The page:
Sometimes, you’re just in the mood for a good, no-frills, less-is-more pizza and pasta place. After having just traveled through Italy and the Mediterranean a few months prior, my boyfriend and I have continuously grown to appreciate and crave places like this: the kind of restaurant that takes priority in good, quality ingredients over what’s Instagrammable. If you find you’re in the same camp, rejoice with us. We can find all this and more in Carrboro’s Pizzeria Mercato.
Fitting in with the rest of mellow Carrboro, Pizzeria Mercato is situated in a little non-descript brick building. When you walk in, the humble Italian joint boasts nothing fancy in their interior, other than a fully operating espresso machine and a sizable brick-lined oven catching my eye. Frankly, I needed little more to be convinced to stay. But in case you were disappointed in the simplistic décor, just wait till your food is served. Mercato’s menu comprises fresh, local North Carolina ingredients (sourced from artisan growers and suppliers) that come together to create simple, but flavorful Italian dishes that will have you believing less really is more.
When we were led to our table, we dove right in to explore the menu. Good reviews from friends about their Neopolitan-inspired pizzas were what led us in here, so we knew we’d order a pie. The pizza menu offered something for everyone. However, rather than offering pies loaded with toppings, most had no more than three or four ingredients. The Salami (tomato, Fior di Latte, Salami Calabrese, red onion, and spicy honey) stood out to us, but so did the Salsiccia pie, so we deferred to our server for her recommendation. Both were highly recommended by her, but we ultimately went with the Salsiccia, a white pizza-esque pie at $15.50. The Salsiccia had panna (cream), Fior di Latte (mozzarella), fennel sausage, scallion, and red onion.
The pizza base was warm panna and mozzarella, which came together as a fragrant, silky mixture of cream, cheese, and oil to create an umami euphoria. The delicately crumbled sausage provided the right amount of saltiness balanced by a hint of sweetness from the fennel. The diced scallions added a savory and herby boost. Finally, the red onions tied it together to add a tinge of caramelized sweetness. Not to mention, the crust was delicious: thin, crisp, and fragrant. Our server brought out Calabrian chili oil and chili flakes for the pizza, which I highly recommend for a light, yet smoky kick.
And for the sake of reminiscing about all the pasta we had in Italy, we ordered some of that, too. We went with the Tagliatelle, as it’s one of our favorite types of pasta. Verdict: it did not disappoint, especially for $12.50. Pork ragu, parmesan, and basil. That was it. And that’s all it needed. To be frank, we found the Salsiccia pizza to be so good, it casted a shadow over the tagliatelle. But that being said, it was still outstanding. Sometimes a restaurant’s pasta isn’t just perfectly al dente, it also has a different bite to it that tells you it’s quality, housemade pasta—that was definitely on display through this dish. The well-crafted tagliatelle was topped with warming pork ragu. The ragu was velvety, carrying small chunks of sweet and tart tomato. Freshly torn basil on top was also a nice herby complement. Overall, the flavor was all there, but it didn’t have the different dimensions of flavor the pizza did (and this is coming from a pasta lover).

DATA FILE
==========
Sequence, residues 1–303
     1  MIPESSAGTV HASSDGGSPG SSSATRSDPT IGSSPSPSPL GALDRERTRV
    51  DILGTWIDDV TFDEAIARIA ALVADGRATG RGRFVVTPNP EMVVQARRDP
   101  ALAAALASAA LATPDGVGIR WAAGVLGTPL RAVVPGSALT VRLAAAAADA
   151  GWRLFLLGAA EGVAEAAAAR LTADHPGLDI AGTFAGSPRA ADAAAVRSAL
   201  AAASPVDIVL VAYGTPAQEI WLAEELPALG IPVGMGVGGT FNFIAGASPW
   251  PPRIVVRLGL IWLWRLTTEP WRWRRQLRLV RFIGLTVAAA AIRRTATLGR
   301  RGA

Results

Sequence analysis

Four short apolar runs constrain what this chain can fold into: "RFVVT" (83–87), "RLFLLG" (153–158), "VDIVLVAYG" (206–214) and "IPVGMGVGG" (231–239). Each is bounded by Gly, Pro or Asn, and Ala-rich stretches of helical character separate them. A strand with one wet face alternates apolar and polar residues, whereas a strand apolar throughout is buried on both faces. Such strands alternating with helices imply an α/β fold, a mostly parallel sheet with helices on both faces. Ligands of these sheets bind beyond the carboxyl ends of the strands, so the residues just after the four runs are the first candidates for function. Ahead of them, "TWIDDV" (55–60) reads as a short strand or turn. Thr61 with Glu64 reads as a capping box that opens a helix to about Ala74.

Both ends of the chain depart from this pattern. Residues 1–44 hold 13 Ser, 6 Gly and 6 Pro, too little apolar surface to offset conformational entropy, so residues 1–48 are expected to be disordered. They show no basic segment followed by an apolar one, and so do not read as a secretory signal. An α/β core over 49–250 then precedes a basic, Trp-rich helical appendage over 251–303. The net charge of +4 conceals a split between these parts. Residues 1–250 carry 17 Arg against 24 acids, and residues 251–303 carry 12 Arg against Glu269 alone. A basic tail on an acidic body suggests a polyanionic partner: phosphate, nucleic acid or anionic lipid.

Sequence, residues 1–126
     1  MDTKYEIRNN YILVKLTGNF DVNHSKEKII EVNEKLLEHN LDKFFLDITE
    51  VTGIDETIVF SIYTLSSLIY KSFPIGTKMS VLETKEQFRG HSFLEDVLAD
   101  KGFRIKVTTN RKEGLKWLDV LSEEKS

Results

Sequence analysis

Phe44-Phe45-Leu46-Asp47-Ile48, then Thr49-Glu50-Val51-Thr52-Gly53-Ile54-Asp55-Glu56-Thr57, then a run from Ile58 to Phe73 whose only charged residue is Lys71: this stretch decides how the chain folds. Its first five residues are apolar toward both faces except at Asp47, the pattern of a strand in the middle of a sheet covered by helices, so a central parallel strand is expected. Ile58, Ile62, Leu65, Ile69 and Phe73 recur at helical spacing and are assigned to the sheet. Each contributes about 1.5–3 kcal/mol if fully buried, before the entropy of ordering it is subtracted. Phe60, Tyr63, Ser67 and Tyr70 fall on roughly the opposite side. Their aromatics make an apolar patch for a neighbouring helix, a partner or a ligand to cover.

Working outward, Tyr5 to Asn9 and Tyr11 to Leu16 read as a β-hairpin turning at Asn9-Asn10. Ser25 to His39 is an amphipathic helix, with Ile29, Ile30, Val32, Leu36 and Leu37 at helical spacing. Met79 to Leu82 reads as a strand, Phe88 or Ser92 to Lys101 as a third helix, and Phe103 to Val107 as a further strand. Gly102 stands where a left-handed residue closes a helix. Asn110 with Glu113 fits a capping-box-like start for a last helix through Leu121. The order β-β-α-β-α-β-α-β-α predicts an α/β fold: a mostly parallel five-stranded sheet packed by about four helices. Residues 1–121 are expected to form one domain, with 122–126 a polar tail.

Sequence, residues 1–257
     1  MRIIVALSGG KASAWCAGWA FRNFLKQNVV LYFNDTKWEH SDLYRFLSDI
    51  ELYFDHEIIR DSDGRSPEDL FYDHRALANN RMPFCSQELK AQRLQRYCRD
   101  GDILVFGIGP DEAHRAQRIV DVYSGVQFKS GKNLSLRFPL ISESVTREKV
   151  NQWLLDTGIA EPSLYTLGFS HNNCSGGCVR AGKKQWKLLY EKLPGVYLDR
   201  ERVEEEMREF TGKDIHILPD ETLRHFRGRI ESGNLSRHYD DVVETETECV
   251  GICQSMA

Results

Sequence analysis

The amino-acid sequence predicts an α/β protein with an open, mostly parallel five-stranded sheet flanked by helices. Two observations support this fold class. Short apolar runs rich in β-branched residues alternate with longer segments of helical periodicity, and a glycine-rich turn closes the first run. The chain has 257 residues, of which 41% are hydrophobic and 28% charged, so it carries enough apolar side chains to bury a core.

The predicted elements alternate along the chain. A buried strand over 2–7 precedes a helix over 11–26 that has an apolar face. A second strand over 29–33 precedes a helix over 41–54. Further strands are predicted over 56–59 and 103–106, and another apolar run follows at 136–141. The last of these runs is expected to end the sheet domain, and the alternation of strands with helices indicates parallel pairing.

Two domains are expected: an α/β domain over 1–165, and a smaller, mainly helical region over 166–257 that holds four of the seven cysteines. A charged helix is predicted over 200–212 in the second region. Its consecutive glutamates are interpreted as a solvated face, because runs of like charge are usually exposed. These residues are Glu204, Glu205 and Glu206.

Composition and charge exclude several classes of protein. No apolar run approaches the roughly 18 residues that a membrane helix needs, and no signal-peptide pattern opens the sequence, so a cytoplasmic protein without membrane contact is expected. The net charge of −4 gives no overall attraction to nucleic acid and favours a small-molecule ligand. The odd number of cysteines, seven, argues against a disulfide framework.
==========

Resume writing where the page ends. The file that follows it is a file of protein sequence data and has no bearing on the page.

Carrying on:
By the time we finished licking the plates clean of every last bit of sauce, we were ready for a shot of espresso. Highly recommend! This really rounded out a lovely Italian experience. The espresso was dark and robust, but had a subtly sweet, almost syrupy, finish.
Mercato re-taught us the importance of quality over quantity. There wasn’t much to either dish we tried in the sense of toppings or ingredients, but when quality ingredients are prioritized, they really speak for themselves. I already can’t wait to go back for that Salami pie and, really, everything else the menu offers.
408 W Weaver St
Carrboro, NC 27510
Joanne Wu is an avid foodie and can often be found coffee shop hopping around the Triangle. Coming from a rural Taiwanese background, she loves all things scratch-made in the kitchen and locally sourced. When she’s not dining her way through the Triangle, politics is her other passion. Joanne currently works in downtown Raleigh in State government. Follow her on Twitter or Instagram at @joannewuu.